Pelvic Health Physiotherapy
Pelvic Health Physiotherapy is the assessment and treatment of conditions that affect the pelvis and pelvic floor muscles. Evidence supports Pelvic Health Physiotherapy as the first-line defense against incontinence and pelvic pain in Women and Men.
The pelvic floor muscles work together silently to support the pelvic organs and facilitate bowel, bladder, and sexual function. When there is a disturbance in these muscles, pain and dysfunction can occur.
A physiotherapist specialized in treating pelvic floor dysfunction can properly identify issues in the pelvic floor and help alleviate symptoms and improve function through hands on manipulation, exercise prescription, and education.
A Pelvic Heath Physiotherapist can treat the following conditions:
Pelvic Girdle Pain
Pelvic Organ Prolapse
Women and Men's Health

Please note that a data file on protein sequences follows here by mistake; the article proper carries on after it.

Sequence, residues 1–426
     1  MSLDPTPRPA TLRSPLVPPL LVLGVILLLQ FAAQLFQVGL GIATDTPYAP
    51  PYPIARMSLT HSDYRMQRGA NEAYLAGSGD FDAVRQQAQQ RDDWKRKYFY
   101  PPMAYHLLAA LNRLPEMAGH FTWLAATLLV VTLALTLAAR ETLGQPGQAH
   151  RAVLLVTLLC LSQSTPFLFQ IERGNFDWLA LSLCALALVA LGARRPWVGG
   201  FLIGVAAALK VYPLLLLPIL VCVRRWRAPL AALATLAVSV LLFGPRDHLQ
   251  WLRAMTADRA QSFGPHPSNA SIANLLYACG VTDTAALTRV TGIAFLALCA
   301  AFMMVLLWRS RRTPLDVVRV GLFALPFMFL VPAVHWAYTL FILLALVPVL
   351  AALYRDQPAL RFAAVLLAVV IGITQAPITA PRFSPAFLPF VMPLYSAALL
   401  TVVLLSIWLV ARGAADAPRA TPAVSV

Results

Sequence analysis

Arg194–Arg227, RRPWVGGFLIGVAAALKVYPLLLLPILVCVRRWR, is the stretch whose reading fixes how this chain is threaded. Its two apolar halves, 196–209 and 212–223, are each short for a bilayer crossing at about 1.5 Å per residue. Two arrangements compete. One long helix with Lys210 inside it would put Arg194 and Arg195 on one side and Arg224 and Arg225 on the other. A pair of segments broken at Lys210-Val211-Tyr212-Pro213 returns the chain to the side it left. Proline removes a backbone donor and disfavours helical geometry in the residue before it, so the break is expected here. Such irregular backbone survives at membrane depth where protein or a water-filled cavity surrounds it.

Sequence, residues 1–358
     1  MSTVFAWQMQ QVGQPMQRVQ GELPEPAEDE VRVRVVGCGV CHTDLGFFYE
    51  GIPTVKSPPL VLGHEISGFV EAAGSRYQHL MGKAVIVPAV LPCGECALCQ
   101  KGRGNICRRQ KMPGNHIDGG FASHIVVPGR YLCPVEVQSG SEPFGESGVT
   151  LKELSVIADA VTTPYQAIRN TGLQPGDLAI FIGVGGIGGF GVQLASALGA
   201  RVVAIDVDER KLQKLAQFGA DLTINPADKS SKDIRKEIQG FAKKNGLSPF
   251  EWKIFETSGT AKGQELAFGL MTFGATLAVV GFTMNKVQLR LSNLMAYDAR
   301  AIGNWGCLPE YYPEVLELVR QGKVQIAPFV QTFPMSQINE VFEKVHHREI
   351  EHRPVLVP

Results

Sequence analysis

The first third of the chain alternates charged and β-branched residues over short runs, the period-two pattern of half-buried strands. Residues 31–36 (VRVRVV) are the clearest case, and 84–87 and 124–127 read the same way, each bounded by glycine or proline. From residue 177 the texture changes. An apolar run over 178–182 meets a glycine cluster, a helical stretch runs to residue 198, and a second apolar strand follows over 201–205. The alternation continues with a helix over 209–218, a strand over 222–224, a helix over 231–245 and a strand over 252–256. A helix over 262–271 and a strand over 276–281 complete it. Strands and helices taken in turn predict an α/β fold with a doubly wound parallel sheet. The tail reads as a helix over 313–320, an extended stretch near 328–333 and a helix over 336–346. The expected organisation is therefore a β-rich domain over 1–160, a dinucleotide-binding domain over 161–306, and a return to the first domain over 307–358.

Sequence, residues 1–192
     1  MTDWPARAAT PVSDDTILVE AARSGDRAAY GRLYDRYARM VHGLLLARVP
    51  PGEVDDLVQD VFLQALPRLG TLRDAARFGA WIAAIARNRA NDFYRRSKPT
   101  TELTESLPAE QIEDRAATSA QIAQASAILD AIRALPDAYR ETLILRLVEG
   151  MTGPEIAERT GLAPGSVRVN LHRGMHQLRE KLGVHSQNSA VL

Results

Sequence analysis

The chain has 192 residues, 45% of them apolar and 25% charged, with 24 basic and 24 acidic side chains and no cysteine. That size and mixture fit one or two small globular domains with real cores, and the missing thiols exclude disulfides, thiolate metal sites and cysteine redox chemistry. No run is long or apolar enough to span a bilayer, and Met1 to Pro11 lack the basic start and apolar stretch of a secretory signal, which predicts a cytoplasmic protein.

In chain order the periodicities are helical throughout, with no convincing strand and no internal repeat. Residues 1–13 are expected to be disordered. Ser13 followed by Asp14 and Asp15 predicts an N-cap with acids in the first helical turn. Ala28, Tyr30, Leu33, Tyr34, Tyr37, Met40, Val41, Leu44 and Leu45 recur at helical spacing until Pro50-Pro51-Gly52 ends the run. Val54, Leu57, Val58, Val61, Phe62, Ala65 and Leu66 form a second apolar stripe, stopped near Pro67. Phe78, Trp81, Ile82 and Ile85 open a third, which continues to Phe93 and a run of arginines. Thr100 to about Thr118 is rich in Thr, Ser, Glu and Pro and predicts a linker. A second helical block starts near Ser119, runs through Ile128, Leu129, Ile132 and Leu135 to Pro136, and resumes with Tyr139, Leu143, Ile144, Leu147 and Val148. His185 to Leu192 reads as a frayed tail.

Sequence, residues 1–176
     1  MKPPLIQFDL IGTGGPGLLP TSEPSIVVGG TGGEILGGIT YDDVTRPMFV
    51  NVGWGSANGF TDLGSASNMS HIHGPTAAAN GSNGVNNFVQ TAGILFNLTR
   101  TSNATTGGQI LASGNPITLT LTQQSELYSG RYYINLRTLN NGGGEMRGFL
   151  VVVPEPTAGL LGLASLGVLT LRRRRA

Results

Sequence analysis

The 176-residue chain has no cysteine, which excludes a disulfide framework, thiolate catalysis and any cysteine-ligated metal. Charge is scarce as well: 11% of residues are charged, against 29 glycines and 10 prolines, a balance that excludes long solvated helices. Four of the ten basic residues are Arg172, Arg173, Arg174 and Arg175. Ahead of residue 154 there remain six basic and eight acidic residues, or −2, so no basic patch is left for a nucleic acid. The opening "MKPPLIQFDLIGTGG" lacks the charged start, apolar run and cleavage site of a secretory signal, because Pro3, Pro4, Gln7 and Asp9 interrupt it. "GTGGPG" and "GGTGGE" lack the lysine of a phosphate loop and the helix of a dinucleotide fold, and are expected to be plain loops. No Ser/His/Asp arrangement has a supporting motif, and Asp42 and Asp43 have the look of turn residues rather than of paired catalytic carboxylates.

Back / Hip Pain
SI Joint Pain
Pediatric physiotherapists treat a wide variety of acute and chronic conditions in different settings, from acute care hospitals, to the community and schools. Pediatric physiotherapists assess, diagnose and treat neurological, developmental, cardiorespiratory, pelvic health and orthopedic conditions in children up to 18 years of age, with a focus on improving function and increasing independence.
Physiotherapy has a positive and significant impact on pulmonary function, motor control, muscle strength, and physical endurance in pediatric patients with chronic conditions such as cerebral palsy, cystic fibrosis, and juvenile idiopathic arthritis. Physiotherapists treat infants with torticollis, gross motor delays, muscle spasticity and developmental coordination disorder. Physiotherapy interventions focus on movement and improvements in function to increase both the child’s and family’s quality of life. Improved function and involvement in daily activities provides more opportunity for social engagement.
Pediatric Pelvic Health Physiotherapists assess and treat children who suffer from a number of different pelvic issues including bed wetting, and urinary and fecal incontinence. Through education, bladder and bowel retraining, and a focus on developing functional pelvic floor muscles, children learn how to be continent through day and night.
Pelvic Floor Dysfunction